“…this process of private ownership and competition contains the seeds of its own destruction. It is in the interest of the individual capitalist to pay their own workers as little as possible in order to maximise profits. However, these wages – and the wages of the workers employed by other capitalists – also form the demand for the commodities that capitalism produces, i.e. the market. Each individual capitalist would like to pay his/her workers as little as possible in order to maximise profits; but at the same time, he/she would also like his/her fellow capitalists to pay their workers as much as possible so that these workers can buy the commodities that are being produced”.
“Each capitalist is, however, trying to do the same thing; therefore, as individual capitalists compete against one another, trying to maximise their own profits, they cut the wages of the working class as a whole, thus reducing the market and destroying the basis on which they can sell their commodities and realise their profits. It is this interactive process of competition between many individual capitalists – each making decisions that are completely rational from their own individual perspective – that leads to an overall process that is distinctly irrational for the capitalist class as a whole.”
Capitalism attempts to overcome this contradiction through the expansion of credit. But this too has its pitfalls as it merely postpones to another day an even greater crisis. As we outlined in the same article,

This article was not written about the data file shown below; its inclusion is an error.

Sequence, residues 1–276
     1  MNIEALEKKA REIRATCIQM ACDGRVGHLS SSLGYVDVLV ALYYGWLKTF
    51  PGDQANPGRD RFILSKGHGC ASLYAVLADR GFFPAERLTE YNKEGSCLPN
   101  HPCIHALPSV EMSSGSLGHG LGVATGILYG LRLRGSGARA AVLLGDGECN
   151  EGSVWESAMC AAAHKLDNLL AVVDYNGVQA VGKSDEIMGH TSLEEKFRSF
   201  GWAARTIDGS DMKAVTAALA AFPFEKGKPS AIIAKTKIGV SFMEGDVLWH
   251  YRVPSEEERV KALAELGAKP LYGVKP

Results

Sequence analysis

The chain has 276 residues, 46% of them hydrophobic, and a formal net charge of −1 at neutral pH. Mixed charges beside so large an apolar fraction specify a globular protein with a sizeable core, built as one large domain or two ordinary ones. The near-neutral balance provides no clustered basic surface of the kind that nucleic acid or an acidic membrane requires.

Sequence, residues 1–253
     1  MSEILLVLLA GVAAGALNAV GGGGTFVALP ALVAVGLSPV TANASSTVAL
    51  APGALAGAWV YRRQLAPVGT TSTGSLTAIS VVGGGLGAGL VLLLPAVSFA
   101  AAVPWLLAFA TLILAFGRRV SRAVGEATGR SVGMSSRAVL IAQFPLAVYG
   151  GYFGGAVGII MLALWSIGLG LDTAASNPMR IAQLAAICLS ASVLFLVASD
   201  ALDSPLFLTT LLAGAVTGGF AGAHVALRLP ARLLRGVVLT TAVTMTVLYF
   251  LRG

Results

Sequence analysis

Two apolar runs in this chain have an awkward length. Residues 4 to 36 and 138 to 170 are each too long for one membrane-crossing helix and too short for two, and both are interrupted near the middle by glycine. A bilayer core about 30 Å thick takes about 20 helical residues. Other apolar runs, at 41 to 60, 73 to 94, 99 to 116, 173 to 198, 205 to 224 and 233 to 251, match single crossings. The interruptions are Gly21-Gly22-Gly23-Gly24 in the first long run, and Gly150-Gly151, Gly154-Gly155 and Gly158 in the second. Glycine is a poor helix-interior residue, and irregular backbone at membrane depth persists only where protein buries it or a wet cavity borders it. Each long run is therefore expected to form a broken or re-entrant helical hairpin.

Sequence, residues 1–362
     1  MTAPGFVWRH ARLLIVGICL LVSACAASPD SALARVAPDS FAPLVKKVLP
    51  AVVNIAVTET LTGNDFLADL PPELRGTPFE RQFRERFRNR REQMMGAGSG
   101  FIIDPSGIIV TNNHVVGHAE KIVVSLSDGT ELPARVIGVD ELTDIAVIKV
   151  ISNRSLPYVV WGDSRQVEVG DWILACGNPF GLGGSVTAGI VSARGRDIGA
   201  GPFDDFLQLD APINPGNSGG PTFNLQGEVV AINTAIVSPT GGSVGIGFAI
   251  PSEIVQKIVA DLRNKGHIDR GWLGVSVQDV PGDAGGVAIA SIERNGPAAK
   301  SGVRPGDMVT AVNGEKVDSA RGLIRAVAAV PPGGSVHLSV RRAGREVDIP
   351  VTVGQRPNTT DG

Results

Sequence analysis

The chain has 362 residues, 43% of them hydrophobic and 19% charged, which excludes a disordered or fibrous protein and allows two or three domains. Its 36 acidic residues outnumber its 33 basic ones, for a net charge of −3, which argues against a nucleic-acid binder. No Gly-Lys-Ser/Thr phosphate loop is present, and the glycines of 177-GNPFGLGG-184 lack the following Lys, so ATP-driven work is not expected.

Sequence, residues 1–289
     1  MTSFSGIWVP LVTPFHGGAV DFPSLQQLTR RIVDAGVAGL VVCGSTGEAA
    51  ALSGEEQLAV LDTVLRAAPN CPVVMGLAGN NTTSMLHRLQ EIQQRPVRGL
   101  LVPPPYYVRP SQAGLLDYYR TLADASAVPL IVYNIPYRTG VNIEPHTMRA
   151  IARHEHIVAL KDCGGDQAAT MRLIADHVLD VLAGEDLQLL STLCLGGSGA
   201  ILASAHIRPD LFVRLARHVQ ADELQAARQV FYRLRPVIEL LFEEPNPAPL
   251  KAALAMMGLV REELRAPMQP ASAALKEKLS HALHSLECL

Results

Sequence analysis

“Marx explains the role of credit under capitalism in Capital, explaining that credit serves a dual function. On the one hand, relatively short-term credit is required to overcome bottlenecks in production and maintain the flow and circulation of capital. For example, businesses need to borrow money to pay for wages and raw materials whilst they wait for previously produced goods to reach the market and be sold. Alternatively, credit may be used to allow firms to expand production when they don’t have the upfront capital to pay for it.
“On the other hand, credit also plays the role of artificially expanding the market – i.e. effective demand – and thus helping to delay a crisis……under capitalism, the working class can never buy back the full value of the commodities it creates, due to the fundamental nature of capitalism as production for profit…….capitalism traditionally overcomes this contradiction of overproduction by reinvesting the surplus value created into new means of production in the search for greater profits. This, however, only serves to create even greater productive forces, and thus an even greater mass of commodities that must find a market, and thus – rather than resolving the contradiction – only exacerbates overproduction.